Skip to Navigation

How to Adjust to Change in 5 easy steps

The shifting sands of our daily lives often brings unwanted change. Divorce, bereavement, job loss, moving to live in a new area or even setting up home with a new partner… These all mean that we must adapt and change to our new circumstances.

Even changes we look forward to sometimes seem harder than we expected. This is because, while change in circumstances can happen suddenly,  transition – the psychological adjustment to new circumstances – takes time. There is no point in struggling against this, indeed fighting it only makes things seem worse. Instead, there are few steps we can take to help the process along.

I’ve been working with people and change for the past 25 years, and during that time I’ve also been through major changes in my own life. As a professional, helping others as a consultant and therapist, I thought I was able to help, and my clients certainly seemed happy as a result of our time spent together.

But then I had to put the ideas to work in my own life it took me to a whole new level of understanding about surviving and flourishing when life seems intent on drowning us under waves of uncertainty, panic and even fear.

So I have thought a lot about change and I’ve also learned some useful tactics to help with the transition that it makes necessary.

1: Be kind to yourself

Recognise that any change in personal circumstances means we have to adjust. Change can happen overnight, people need longer to accept and adapt. Often there is a sense of loss, we pine for the old and even try to recreate it. Avoid the temptation to do this. Accept where you are, be patient yourself and nurture a new you.

2: Set your own agenda

This often means ignoring advice from others. Even though the people around us mean well when they say things like “Time to move on”, or “You have to get back on the horse”, they are forgetting that we all heal and adjust at our own pace. Focus on what you need, not what others think is best for you, however well-intentioned it is.

3: Don’t try to fix it

We live in a world which believes in a quick fix for everything, but while that might work for machines it’s not so easy with people. Have faith in the inner workings of your mind and body, trust your instincts and your natural wisdom. Paradoxically, the less we push ourselves to get better the easier it is to heal and change. Go with it.

4: Build your life

Stop worrying about what’s not working or struggling to put back what’s lost. Instead, focus on doing things that create a sense of purpose and enjoyment. Activities like making things and learning new skills not only divert us, they also help to build self-esteem. Whether it is yoga or the saxophone, being involved in a class or personal project can help rebuild enthusiasm for life. Go for it.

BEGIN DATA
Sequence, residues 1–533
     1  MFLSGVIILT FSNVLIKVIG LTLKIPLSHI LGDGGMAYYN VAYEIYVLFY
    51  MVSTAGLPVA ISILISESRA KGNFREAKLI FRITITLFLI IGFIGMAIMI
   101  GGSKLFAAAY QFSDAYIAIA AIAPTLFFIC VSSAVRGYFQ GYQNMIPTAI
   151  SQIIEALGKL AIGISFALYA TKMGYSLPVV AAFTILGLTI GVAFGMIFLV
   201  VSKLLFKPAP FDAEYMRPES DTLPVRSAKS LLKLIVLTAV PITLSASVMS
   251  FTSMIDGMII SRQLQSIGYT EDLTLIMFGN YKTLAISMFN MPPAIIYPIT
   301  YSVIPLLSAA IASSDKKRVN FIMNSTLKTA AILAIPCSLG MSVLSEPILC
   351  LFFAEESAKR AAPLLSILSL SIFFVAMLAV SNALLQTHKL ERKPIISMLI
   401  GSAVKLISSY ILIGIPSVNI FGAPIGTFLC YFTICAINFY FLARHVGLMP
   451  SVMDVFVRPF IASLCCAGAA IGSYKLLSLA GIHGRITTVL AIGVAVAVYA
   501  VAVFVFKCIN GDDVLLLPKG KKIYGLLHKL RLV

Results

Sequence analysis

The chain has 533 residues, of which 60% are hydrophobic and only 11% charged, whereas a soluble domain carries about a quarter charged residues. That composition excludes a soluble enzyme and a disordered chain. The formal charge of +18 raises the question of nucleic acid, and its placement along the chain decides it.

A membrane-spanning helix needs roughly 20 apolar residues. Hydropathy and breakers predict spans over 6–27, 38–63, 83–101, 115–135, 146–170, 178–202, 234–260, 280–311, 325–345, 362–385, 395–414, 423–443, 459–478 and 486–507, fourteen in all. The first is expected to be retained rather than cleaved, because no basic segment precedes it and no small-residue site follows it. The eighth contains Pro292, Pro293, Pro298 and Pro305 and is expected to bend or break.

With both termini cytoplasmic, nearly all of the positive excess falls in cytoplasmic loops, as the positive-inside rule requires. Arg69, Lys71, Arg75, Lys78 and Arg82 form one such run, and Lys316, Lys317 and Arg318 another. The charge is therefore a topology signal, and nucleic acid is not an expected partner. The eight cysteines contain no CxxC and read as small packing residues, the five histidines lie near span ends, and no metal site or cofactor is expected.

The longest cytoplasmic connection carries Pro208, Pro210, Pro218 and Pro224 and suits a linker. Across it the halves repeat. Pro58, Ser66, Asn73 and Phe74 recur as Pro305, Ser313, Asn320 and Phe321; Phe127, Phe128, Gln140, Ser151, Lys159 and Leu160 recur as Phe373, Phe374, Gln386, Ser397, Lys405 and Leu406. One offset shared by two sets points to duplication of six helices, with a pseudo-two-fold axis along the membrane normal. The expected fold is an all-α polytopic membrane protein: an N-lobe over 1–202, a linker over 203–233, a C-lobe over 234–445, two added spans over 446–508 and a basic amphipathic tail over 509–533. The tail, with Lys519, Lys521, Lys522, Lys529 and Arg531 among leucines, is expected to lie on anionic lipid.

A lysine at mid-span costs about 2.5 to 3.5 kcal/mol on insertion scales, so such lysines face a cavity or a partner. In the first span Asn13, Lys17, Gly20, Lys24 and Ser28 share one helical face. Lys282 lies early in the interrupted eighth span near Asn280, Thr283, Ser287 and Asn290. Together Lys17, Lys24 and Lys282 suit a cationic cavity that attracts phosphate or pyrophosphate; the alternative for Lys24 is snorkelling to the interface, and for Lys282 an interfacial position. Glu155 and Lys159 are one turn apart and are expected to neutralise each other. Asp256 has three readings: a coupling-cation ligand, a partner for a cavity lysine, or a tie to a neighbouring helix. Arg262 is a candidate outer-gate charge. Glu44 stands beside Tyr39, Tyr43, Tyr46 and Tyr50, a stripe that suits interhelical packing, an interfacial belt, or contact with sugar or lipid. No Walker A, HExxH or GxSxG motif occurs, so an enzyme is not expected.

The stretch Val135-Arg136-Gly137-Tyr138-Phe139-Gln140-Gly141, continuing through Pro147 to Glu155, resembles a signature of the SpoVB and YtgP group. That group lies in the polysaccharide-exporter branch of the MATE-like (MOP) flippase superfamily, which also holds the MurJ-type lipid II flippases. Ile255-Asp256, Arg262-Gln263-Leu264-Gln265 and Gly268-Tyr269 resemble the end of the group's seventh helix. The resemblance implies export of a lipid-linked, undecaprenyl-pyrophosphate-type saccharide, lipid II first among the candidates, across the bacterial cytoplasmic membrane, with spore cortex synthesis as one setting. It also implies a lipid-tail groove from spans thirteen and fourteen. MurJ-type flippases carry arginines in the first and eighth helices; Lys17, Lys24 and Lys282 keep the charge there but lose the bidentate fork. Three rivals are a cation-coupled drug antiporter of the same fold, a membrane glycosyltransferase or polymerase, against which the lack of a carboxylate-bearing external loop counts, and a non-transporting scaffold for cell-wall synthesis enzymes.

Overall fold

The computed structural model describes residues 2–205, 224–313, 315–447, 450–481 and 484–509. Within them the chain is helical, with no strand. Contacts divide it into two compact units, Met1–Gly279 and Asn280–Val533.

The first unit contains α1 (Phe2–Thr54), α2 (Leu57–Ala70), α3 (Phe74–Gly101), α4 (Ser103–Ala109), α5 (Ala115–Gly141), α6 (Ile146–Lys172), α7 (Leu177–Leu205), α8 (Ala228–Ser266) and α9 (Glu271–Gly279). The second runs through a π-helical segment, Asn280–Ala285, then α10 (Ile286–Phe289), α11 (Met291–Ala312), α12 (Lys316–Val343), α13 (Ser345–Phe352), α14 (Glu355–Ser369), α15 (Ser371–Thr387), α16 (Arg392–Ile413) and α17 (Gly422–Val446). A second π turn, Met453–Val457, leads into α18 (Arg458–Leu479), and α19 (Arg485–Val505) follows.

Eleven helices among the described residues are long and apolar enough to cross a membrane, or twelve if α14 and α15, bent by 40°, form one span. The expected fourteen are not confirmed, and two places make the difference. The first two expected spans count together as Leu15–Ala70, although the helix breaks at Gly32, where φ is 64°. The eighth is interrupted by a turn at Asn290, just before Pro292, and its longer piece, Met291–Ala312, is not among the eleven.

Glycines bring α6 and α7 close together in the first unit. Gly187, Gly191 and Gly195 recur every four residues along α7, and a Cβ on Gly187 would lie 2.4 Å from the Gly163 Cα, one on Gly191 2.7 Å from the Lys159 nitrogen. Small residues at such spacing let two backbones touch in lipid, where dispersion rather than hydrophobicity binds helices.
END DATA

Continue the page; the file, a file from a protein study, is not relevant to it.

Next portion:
5: Take it seriously

Believe me, change is serious. As the experts say life change is all about opportunity for growth. Numbing it with unhealthy habits or dumbing it by denying yourself the time to you need won’t  avoid it in the long run, it’ll just make the process longer or paper over the cracks. Embrace the ‘new normal’ and see the need for change as a chance to put your life on a more solid footing.

We have to close one chapter before we can successfully embark on another. Once we’ve realised this we can allow ourselves the time we need to adjust and heal. Remember the words of French writer Anatole France, who said:

“All changes, even the most longed for, have their melancholy; for what we leave behind us is a part of ourselves; we must die to one life before we can enter another.”

 

2 Responses to “How to Adjust to Change”

  1. Thank you, everything you talk about makes complete sense. I have found your advice very helpful and productive. As I have mentioned before.I just wish I had that kind of help,and advice years ago.

     

What do you think? Share your thoughts...

Latest from the blog

The Sow’s Ear Effect

Telling yourself good stuff about yourself seems, intuitively, like a good idea. It is supposed to help you feel good, or better, about yourself, and to gradually build self-esteem.

But this only works if the statements – or ‘affirmations’ – are believable. Far fetched inspirational statements seem like a good idea, but they can actually have the opposite effect.

Continue reading

Hear the Storyteller, Not Just the Story

Stories have the power to persuade and change, they can also condemn and isolate us.

Once we are past childhood we judge a story by the storyteller. We look for interests and motives that could render the story invalid or suspect.

When we listen to the stories we tell ourselves we should be similarly cautious, the narrator is usually hugely biased.

Continue reading
FREE DOWNLOAD - Get it now.

How to be more Resilient

Get my super-helpful guide '9 Steps to Resilience' absolutely FREE, when you subscribe to my newsletter.

Understand the steps to resilience and you can develop the ability to cope with problems and setbacks with less stress and more confidence.
close-link
Take my

Resilience Survey

Help me to help you. Your answers will enable me to design products to help you develop your personal resilience.
Yes please, I'll take the
2-minute survey
close-link
%d bloggers like this: